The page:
Pursuing further the question of renal damage and repair, we investigated whether cell proliferation and apoptosis would be prominent in the kidney in patients with sepsis-AKI. There were significantly more proliferating cells in both the glomeruli (p < 0.0001; Fig. 4 D-F), and the tubulointerstitium (p < 0.0001; Fig. 5 D-F) in sepsis-AKI than in controls.

Apoptotic cells were virtually absent in the glomeruli in sepsis-AKI (in total 3 apoptotic cells/26 patients) and controls (Fig. 4 G-I). In contrast, there were significantly more tubulointerstitial apoptotic cells in sepsis-AKI compared to control renal tissue (p < 0.001; Fig. 5 G-I). However, apoptotic cells were absent in the tubulointerstitium in samples from four patients with sepsis-AKI. We only found apoptotic cells (10–50%) in one control patient.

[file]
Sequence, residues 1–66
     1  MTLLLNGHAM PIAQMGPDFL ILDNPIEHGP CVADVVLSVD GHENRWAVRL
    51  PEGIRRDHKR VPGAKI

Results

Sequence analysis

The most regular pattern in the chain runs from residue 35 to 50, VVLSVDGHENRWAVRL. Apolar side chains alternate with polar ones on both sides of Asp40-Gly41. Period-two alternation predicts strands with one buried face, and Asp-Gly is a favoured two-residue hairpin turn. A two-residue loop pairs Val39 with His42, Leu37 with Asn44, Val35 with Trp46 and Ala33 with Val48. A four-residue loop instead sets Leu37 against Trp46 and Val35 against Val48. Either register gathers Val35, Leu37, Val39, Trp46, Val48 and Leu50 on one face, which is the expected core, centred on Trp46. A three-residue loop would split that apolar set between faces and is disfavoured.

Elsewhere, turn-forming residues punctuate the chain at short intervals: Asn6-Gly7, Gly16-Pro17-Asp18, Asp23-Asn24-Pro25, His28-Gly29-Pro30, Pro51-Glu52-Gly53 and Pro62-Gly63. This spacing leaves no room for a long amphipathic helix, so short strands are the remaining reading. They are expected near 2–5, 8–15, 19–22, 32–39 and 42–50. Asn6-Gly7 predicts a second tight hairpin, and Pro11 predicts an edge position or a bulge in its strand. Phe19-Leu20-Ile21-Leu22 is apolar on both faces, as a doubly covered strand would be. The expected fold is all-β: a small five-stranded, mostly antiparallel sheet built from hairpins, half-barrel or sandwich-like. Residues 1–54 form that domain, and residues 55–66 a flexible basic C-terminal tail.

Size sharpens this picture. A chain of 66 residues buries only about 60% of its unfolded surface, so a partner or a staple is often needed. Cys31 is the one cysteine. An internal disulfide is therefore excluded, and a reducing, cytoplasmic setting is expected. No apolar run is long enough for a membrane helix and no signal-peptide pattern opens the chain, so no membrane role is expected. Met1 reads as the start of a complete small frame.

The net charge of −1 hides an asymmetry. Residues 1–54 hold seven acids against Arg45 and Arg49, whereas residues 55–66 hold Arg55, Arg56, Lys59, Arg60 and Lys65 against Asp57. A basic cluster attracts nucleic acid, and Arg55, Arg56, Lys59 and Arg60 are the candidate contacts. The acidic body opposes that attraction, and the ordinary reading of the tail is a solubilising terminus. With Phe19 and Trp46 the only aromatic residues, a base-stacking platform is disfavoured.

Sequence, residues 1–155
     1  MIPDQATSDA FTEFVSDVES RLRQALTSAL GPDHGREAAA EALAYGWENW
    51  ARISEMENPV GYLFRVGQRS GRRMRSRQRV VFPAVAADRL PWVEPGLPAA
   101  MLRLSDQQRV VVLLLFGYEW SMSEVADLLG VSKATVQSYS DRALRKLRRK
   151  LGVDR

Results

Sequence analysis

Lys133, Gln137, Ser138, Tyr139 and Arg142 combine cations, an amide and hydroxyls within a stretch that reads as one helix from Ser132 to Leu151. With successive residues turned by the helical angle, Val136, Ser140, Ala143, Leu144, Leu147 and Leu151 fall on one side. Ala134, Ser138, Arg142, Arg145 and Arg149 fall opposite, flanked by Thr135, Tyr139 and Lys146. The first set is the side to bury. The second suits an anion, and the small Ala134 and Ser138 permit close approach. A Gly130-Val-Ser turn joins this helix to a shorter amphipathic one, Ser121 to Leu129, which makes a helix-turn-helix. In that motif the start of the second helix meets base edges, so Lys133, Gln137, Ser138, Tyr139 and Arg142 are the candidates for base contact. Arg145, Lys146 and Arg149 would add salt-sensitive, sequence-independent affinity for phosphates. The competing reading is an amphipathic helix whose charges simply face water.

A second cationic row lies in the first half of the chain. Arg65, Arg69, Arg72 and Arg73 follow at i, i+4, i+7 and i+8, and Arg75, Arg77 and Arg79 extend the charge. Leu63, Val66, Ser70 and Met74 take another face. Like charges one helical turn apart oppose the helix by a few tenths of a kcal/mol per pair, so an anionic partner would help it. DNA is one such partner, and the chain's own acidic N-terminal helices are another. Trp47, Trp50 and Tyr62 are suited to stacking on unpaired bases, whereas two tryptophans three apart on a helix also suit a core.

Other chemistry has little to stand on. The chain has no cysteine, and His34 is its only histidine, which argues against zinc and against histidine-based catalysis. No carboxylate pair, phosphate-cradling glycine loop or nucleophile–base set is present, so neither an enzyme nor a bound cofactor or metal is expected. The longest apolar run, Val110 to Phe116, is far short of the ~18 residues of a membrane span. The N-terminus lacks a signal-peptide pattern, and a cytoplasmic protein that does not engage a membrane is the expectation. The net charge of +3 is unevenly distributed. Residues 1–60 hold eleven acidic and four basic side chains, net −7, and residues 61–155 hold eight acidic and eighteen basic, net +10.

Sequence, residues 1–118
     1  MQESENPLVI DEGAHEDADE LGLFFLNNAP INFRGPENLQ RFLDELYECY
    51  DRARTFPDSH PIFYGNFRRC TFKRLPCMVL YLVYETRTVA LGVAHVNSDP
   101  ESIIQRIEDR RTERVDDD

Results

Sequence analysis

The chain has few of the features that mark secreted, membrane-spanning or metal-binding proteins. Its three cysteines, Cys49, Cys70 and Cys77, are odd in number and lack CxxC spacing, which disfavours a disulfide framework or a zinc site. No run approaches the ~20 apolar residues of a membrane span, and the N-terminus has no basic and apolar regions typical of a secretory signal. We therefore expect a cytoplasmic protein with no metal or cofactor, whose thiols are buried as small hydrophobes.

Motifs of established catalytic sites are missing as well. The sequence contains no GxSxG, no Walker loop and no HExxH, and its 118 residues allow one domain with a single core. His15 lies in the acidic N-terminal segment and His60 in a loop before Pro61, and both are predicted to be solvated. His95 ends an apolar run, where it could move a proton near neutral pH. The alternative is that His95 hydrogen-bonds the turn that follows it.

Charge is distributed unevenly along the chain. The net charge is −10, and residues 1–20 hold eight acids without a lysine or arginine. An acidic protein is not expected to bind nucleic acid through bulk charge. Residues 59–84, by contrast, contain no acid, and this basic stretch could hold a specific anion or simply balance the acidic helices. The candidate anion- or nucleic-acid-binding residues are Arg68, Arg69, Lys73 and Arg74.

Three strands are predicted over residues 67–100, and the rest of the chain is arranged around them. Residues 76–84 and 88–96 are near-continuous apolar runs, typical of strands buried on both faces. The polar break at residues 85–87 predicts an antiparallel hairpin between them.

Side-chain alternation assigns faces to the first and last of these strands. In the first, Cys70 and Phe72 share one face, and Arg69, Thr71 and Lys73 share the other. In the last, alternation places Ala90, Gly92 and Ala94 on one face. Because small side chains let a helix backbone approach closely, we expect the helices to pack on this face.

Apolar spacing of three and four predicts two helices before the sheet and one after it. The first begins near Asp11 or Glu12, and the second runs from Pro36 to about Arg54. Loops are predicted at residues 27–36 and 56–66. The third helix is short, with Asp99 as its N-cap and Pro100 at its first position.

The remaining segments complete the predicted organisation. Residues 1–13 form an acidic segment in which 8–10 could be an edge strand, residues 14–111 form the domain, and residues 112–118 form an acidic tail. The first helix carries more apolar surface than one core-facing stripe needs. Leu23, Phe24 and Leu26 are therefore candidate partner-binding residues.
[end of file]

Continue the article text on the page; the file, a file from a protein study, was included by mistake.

Fibrin deposition

The formation of microvascular fibrin deposition due to reduced blood flow and/or endothelial activation might be another deleterious event in sepsis-AKI. Fibrin-stained thrombi were identififed in the glomeruli in sepsis-AKI (p < 0.0002), but not in controls (Fig. 4 J, K). One patient with sepsis had signs of disseminated intravascular coagulation with abundant fibrin deposition.

Fibrin-stained thrombi in the tubulointerstitium were predominantly present in the peritubular capillary network in 16/27 patients with sepsis-AKI (p < 0.0002; Fig. 5 J-L). Some patients had abundant capillary fibrin deposition. Fibrin deposition was absent in the peritubular capillaries in control renal tissue.


The failure of clinical trials that aim to improvwe the outcome of patients with sepsis-AKI stresses the need for a more detailed understanding of the pathophysiological processes underlying the development of human sepsis-AKI. The aim of this study was therefore to investigate the missing histopathological information on the glomerular and tubulointerstitial compartments in sepsis-AKI, such as renal inflammation, fibrin deposition, cell proliferation, and repair.